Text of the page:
It’s Not a Felon To Love Bitter Melon

Bitter melon

Even though I can stop into Asian or Latino markets on any corner in Los Angeles and find fresh bitter melon or soursop, I know that most people across the country aren’t so lucky. For them, I recommend visiting melissas.com, an exotic produce company which will ship fresh and sometimes dried produce anywhere in the U.S. Melissa’s is also the largest distributor of specialty produce in the country.

Bitter gourd

Bitter gourd

Bitter melon, which resembles a wrinkly, light-green cucumber, is something of an acquired taste. Soaking it in salted water to remove the bitterness is the first step in getting people to fall in love with it. It’s worth the trouble, because boiling bitter melon in water releases its antioxidant power. Bitter melon also has beta-carotene, potassium, and fiber. Asian herbalists prescribe it to diabetes patients to help them stabilize their blood sugar.
I have a mean Bitter Melon Salad recipe in my The Age GRACEfully Cookbook that I’d like to share with you today. This salad makes an excellent side dish for grilled meat, fish, and vegetables.

Almond-blueberry

Serves 2-4
Ingredients

4 medium-size bitter melons
¼ cup kosher salt
Pinch of baking soda
1 cup seasoned rice vinegar
2 Tbs. extra-virgin olive oil
1 tsp. minced garlic
1 tsp. sea salt
¼ tsp. white pepper
2 chopped hard-boiled eggs
2 chopped medium tomatoes

Bitter Melon and Radish Salad

Instructions
1. Slice the bitter melons lengthwise and remove all white parts, including the seeds. Sprinkle with the salt and let stand for 10-15 minutes. Rinse.
2. Cut the melons crosswise into strips. Blanch the slices in boiling water with the baking soda for 5 minutes. Drain and let cool.
3. To make the dressing, mix together the rice vinegar, olive oil, garlic, salt, and pepper. Let stand for up to 1 hour to allow the flavors to blend.
4. Toss the melon slices with the dressing.
5. To assemble, arrange the melon slices on salad plates. Top with the chopped eggs and tomatoes, evenly divided.

FoodTrients
Allicin
Carotenoids
Choline
Fiber
Lutein
Lycopene
Oleocanthal
Potassium
Vitamin C

About Grace O

Grace O has been cooking and baking professionally and recreationally all of her adult life. As a child in Southeast Asia, she learned the culinary arts by her mother’s side in her family’s cooking school. She became so well versed in hospitality and the culinary arts, she eventually took over the cooking school and opened three restaurants. She is widely credited with popularizing shrimp on sugar-cane skewers and being one of the first culinarians to make tapas a global trend. She has cooked for ruling families and royalty. Grace O’s move to America precipitated a career in healthcare, inspired by her father, who was a physician. Twenty years and much hard work later, she operates skilled nursing facilities in California. Grace O strives to create flavorful food using the finest ingredients that ultimately lead to good health. Her recipes, although low in saturated fat, salt, and sugar, are high in flavor. Grace employs spices from all over the world to enliven her dishes, creating food that is different and delicious. She believes that food can be just as effective at fighting aging as the most expensive skin creams. And since she’s over 50 herself, she’s living proof of that. foodtrients.com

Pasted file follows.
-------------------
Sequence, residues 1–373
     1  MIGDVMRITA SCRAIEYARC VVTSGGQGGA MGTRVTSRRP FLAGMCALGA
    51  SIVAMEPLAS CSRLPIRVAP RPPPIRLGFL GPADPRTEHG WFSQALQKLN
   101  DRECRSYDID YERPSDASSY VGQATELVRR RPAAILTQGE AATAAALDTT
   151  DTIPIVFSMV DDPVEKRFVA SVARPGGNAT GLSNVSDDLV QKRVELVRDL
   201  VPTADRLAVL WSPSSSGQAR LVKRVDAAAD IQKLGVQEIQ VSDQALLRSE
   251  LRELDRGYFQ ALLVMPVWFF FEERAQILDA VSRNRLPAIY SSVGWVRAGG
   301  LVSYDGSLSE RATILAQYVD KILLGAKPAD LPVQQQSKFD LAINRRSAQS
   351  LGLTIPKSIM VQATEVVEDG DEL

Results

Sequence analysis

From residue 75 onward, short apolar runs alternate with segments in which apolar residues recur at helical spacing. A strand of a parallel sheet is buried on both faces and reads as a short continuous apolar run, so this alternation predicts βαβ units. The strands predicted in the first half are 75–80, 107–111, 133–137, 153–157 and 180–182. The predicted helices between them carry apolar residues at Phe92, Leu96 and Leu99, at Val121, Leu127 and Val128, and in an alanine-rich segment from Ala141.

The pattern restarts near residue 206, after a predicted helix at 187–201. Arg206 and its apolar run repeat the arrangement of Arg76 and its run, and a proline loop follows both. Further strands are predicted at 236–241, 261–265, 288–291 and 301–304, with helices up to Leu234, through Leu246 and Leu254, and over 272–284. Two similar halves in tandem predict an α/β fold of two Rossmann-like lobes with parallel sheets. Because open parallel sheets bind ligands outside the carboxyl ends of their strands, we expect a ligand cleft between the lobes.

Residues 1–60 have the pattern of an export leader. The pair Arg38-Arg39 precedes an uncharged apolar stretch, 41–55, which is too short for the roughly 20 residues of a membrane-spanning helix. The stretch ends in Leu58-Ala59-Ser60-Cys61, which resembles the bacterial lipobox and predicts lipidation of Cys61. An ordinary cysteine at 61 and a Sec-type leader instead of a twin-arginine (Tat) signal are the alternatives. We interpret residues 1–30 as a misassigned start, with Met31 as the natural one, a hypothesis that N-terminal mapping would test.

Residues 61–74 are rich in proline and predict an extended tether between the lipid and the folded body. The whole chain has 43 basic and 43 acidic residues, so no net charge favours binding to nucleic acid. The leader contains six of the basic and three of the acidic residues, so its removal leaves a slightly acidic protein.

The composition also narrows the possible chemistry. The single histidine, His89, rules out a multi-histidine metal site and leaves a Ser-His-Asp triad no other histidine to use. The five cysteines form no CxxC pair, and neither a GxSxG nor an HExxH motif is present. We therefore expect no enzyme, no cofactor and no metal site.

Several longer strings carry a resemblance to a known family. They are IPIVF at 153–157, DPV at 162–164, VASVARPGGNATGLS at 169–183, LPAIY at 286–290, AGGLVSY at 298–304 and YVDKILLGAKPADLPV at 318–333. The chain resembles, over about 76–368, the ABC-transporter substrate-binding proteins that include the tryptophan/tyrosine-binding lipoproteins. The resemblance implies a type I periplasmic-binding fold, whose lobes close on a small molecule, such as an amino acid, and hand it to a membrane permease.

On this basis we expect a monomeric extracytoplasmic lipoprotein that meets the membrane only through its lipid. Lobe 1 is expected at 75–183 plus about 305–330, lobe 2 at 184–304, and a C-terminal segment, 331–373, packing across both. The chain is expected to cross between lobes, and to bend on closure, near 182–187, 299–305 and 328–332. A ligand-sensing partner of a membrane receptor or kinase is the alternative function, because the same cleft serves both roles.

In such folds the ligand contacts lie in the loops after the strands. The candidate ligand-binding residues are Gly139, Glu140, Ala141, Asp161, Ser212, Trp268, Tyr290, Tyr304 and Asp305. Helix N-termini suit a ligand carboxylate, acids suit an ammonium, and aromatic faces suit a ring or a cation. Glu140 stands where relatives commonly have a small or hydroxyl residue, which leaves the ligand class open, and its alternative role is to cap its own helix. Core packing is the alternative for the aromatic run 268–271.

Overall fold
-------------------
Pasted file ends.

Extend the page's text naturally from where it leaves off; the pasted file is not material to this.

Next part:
What Do FoodTrients Do?
Ai Anti- inflammatories

Reduce inflammatory process in cells, tissues, and blood vessels, helping to slow aging and reduce risk of long-term disease.

Ao Anti- oxidant

Prevents and repairs oxidative damage to cells caused by free radicals.

IB Immunity Boosters

Support the body’s resistance to infection and strengthen immune vigilance and response.

MB Mind

Improves mood, memory, and focus.

F Disease Prevention

Reduces risk factors for common degenerative and age-related diseases.